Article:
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November 29, 2014 / 7 Kislev, 5775
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Posts Tagged ‘Gennady Kernes’

Ukraine’s Jewish Mayor of Kharkov Begins His Recovery in Israel

Tuesday, May 6th, 2014

Kharkov’s  Jewish Mayor Gennady Kernes is slowly overcoming near-fatal wounds and is on the road to recovery, Chabad-Lubavitch officials confirm.

While jogging in the wee hours of the morning last week, the Ukrainian official was shot by masked gunmen in an assassination attempt that nearly succeeded. His liver and lungs peppered with gunshot wounds, the critically wounded mayor was whisked away by medical airlift to Israel after emergency surgery in Kharkov. Following an initial stay at the private Elisha Hospital in Haifa, he was transferred to Rambam, where he underwent a second operation.

Mayor Kernes has now regained consciousness, and though still in very serious condition, he is recovering, officials said. “He woke up and he is speaking a little,” Chabad-Lubavitch emissary and Kharkov Chief Rabbi Moshe Moskovitz told Chabad.org . “G-d willing, I hope to visit him soon. Things are still delicate, but he’s getting better and we hope he gets out of it.”

He added that a Chabad emissary in Haifa has been a regular visitor at the mayor’s bedside.

The mayor has become a casualty of the violence that is rocking the country since pro-Russian separatists began disturbances weeks ago, with apparent encouragement from the Kremlin.

The city is located within the separatist province of Donetsk, which has declared itself to be an independent nation, the new “Republic of Donetsk.”

The Kremlin recently annexed Crimea, which seceded from eastern Ukraine last month. Russia now appears to have her eyes on Odessa, the third largest city in the country — located in western Ukraine — where dozens of people were killed in violence last week.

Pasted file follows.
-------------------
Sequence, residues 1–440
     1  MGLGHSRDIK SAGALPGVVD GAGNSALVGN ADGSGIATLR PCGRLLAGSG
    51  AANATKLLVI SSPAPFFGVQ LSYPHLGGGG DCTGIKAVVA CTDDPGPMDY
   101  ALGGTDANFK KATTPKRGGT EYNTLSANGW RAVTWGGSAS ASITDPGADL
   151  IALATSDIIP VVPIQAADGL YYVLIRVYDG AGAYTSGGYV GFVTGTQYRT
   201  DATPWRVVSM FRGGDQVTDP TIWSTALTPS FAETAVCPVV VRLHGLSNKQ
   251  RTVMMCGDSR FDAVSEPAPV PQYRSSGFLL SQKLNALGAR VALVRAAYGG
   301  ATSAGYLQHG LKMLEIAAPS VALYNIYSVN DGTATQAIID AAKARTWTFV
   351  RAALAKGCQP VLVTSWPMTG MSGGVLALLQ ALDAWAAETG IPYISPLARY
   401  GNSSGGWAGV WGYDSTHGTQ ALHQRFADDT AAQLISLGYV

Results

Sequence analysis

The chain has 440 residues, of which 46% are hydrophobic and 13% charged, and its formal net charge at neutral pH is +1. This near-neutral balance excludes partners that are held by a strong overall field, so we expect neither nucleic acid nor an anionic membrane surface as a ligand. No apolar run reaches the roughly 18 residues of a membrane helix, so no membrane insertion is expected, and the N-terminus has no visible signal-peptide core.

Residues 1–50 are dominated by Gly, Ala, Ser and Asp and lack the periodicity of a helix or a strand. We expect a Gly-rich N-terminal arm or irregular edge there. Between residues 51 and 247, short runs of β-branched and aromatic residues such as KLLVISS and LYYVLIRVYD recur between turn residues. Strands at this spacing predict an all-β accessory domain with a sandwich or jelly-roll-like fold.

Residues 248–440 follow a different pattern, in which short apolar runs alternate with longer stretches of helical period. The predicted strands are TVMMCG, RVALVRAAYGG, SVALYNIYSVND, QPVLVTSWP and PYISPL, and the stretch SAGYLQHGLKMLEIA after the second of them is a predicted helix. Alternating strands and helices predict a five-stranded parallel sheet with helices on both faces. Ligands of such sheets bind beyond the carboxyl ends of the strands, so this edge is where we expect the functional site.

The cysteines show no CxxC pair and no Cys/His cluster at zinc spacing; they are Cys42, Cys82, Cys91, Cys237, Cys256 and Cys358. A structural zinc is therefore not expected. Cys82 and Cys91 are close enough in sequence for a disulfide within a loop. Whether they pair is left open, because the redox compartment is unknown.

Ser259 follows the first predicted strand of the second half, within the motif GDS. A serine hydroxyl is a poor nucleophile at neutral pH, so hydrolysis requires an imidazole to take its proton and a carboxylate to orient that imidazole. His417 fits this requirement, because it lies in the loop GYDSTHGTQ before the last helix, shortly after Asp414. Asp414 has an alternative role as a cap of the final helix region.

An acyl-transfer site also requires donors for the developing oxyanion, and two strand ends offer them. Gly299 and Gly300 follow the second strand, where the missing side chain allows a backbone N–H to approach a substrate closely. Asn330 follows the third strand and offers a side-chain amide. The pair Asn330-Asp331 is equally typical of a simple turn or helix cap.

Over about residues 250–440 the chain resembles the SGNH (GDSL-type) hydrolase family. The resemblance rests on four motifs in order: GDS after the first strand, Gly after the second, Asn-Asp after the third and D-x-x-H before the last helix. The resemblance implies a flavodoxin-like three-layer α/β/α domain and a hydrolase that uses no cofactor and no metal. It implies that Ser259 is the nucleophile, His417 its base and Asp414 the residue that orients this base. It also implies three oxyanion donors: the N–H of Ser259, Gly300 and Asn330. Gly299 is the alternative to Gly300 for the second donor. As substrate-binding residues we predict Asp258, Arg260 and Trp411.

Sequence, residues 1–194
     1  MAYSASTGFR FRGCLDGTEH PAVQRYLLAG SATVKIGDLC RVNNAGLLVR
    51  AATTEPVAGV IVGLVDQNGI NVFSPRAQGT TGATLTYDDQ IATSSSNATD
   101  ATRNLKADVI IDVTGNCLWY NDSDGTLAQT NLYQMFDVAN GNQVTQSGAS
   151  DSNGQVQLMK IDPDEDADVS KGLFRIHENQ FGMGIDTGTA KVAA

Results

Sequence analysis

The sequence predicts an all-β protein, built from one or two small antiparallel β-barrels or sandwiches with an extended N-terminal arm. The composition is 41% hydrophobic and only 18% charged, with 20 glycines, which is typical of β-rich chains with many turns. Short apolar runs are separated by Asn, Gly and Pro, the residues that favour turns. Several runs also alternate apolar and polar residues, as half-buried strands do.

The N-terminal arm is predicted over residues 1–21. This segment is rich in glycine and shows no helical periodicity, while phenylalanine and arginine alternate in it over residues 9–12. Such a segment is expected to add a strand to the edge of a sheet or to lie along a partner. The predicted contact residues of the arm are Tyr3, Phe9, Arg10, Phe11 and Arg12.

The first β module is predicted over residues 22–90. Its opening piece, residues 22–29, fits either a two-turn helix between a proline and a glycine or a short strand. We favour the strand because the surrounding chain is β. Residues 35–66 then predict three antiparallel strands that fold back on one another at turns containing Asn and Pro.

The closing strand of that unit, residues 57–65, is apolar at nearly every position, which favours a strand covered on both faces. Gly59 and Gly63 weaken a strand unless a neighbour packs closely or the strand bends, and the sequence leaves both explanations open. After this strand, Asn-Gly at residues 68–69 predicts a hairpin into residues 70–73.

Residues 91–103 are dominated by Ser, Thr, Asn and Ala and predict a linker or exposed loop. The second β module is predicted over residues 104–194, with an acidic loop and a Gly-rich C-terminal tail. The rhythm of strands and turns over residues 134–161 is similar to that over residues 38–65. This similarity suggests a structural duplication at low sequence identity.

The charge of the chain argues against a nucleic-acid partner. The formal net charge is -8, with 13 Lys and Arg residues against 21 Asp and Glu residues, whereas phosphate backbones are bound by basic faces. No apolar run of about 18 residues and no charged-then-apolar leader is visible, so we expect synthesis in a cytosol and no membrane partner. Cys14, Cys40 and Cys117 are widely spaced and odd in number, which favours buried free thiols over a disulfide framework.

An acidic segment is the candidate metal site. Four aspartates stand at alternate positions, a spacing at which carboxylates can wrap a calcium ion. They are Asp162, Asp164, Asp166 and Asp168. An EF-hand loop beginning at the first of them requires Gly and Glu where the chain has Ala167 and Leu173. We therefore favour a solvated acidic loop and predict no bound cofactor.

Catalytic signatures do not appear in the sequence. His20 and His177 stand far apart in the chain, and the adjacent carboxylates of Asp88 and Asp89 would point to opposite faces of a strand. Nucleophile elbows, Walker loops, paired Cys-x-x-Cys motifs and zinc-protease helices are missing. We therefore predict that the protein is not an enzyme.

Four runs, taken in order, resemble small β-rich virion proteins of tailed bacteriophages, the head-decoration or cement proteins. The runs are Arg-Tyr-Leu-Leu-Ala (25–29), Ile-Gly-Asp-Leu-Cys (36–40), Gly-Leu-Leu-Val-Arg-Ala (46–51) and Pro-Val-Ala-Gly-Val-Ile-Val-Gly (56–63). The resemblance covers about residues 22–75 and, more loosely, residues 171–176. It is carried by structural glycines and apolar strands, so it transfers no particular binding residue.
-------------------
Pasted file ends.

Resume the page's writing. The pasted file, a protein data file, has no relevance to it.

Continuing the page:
Jewish communities in Odessa have already made evacuation plans but have yet to carry them out; Jewish residents there and in Kharkov, Ukraine’s second-largest city, appear to be holding their breath and waiting to see what happens this coming weekend.

The ninth of May marks the victory of the former Soviet Union over the Nazis in World War II. It is a day that is still celebrated in eastern bloc nations and Soviet veterans — and is expected to ignite more violence in Ukraine.

It is also likely to raise anti-Semitic levels to new heights as well.

Russia Scolds NATO, USA on Sanctions, Troop Movements

Wednesday, April 30th, 2014

As pro-Russian separatists eat up town after town in eastern Ukraine, the Kremlin is closely monitoring NATO’s reaction – and the White House response.

Extra troops – 600 from the United States – were sent this week to Poland and the Baltic States to reassure NATO allies. In addition, new sanctions were imposed against Russian officials and pro-Russian Ukrainian separatists by the United States and the European Union.

The moves came following the kidnapping by pro-Russian separatists of some 40 people in eastern Ukraine.